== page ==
Objective. - To examine social support (SS) among parents across sociodemographically distinct pediatric outpatient settings. Methods. - We conducted a cross-sectional, self-administered, anonymous parent survey in 3 primary care sites in a Midwestern metropolitan area: inner-city health center, urban group practice, and suburban group practice. Participants were parents of children aged 6 weeks to 36 months. The main outcome measure was overall SS as measured by a previously validated 10-item instrument. Multivariate linear regression modeling was used to examine sociodemographic and health factors associated with overall SS scores. Results. - The study sample included 463 parents. The strongest sources of SS were a significant other or spouse and parent's parent or grandparent. The range for overall SS was 0 to 20, with a mean score of 12.1 (SD, ±4.2). Parents with overall SS in the lowest quartile (n = 123) comprised 43% of parents at the inner-city health center compared with 23% of parents at the urban practice and 16% of parents at the suburban practice. In a multivariate model, factors associated with lower overall SS were race other than white or black, single or cohabitating marital status, poorer parental health, and parental depressive symptoms. Conclusions. - Although parental SS was lowest in the most socioeconomically disadvantaged community in this sample, parents in all 3 communities had widely varying levels of support. Providers may gain insights about parents at increased risk for low SS by asking about parents' own physical and mental health.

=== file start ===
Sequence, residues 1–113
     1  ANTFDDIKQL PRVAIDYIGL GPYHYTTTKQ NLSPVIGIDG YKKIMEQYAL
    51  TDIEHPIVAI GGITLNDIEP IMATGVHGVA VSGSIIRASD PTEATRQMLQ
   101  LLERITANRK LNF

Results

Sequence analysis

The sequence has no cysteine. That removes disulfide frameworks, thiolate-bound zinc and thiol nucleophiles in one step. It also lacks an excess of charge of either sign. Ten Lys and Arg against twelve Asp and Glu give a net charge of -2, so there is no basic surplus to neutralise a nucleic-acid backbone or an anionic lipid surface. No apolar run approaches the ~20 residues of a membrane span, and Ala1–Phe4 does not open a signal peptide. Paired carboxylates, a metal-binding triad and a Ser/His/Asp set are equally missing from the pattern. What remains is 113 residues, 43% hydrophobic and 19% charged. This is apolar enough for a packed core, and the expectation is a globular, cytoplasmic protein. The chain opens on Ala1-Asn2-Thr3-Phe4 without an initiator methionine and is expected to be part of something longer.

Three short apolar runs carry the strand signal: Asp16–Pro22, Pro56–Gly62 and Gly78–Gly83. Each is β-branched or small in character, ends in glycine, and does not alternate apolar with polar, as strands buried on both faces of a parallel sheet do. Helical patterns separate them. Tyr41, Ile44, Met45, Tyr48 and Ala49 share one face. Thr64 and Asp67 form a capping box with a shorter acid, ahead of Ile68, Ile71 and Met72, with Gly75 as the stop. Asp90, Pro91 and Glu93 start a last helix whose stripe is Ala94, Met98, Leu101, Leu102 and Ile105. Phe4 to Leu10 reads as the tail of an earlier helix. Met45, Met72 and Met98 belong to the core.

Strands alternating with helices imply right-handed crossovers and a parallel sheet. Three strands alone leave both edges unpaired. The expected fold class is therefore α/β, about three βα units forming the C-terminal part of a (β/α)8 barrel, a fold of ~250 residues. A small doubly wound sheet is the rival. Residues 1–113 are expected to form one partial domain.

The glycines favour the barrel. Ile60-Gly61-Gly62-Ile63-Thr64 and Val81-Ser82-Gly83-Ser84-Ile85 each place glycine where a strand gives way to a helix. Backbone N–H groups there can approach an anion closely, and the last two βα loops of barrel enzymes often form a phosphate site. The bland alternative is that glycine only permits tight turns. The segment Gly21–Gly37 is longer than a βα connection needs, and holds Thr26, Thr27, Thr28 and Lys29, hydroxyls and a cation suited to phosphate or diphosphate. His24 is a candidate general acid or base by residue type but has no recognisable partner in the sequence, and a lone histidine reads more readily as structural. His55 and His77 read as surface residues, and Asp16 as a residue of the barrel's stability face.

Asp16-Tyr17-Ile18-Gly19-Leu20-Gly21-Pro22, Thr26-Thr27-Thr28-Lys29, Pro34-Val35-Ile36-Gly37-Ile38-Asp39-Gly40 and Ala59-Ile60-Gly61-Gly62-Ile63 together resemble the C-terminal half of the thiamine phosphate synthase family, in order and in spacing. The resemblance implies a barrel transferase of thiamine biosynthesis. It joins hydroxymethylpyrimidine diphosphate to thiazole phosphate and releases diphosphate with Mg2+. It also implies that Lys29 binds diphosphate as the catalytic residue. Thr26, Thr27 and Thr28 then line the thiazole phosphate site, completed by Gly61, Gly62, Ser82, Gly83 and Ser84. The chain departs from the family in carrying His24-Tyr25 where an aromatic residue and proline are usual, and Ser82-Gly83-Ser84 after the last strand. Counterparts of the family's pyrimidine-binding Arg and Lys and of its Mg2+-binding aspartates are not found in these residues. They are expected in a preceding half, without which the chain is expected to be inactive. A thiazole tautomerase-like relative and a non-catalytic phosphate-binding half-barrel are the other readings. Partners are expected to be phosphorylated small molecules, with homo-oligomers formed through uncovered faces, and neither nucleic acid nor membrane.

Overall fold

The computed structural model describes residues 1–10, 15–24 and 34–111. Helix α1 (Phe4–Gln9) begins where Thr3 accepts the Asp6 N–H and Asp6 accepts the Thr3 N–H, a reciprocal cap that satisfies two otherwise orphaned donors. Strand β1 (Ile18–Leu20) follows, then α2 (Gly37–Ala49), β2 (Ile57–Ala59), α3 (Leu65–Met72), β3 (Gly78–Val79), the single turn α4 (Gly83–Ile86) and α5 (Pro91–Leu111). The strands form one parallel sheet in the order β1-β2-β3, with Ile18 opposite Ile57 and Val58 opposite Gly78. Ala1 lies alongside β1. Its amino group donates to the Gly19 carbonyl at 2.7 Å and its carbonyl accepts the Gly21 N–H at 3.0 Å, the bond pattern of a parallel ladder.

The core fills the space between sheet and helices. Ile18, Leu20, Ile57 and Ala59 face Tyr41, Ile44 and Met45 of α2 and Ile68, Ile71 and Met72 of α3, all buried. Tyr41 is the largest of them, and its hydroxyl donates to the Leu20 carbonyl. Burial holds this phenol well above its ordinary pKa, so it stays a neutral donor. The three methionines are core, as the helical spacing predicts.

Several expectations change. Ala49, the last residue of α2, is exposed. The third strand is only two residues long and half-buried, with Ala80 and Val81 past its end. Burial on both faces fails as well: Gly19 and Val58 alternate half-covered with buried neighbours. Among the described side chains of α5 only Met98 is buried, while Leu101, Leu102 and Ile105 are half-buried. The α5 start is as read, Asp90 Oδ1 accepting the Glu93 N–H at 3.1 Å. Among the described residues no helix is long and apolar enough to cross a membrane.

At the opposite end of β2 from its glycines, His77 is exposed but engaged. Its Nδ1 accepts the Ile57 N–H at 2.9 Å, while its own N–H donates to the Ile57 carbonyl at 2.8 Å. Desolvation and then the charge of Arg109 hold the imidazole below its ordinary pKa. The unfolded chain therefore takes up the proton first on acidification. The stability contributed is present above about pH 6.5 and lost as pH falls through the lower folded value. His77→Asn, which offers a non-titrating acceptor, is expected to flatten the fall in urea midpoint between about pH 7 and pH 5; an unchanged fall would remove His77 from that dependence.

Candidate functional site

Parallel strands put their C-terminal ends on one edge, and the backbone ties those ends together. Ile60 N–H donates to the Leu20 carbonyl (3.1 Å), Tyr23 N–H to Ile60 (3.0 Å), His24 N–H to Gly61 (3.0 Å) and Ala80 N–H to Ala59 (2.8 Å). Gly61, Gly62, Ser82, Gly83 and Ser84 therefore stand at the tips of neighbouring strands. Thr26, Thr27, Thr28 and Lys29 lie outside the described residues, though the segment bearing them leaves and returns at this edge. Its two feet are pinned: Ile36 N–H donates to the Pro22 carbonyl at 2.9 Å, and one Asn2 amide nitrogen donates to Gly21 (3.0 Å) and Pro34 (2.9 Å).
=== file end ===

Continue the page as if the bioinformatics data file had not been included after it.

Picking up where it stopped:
- Health status
- Parental depression
- Social support
ASJC Scopus subject areas
- Pediatrics, Perinatology, and Child Health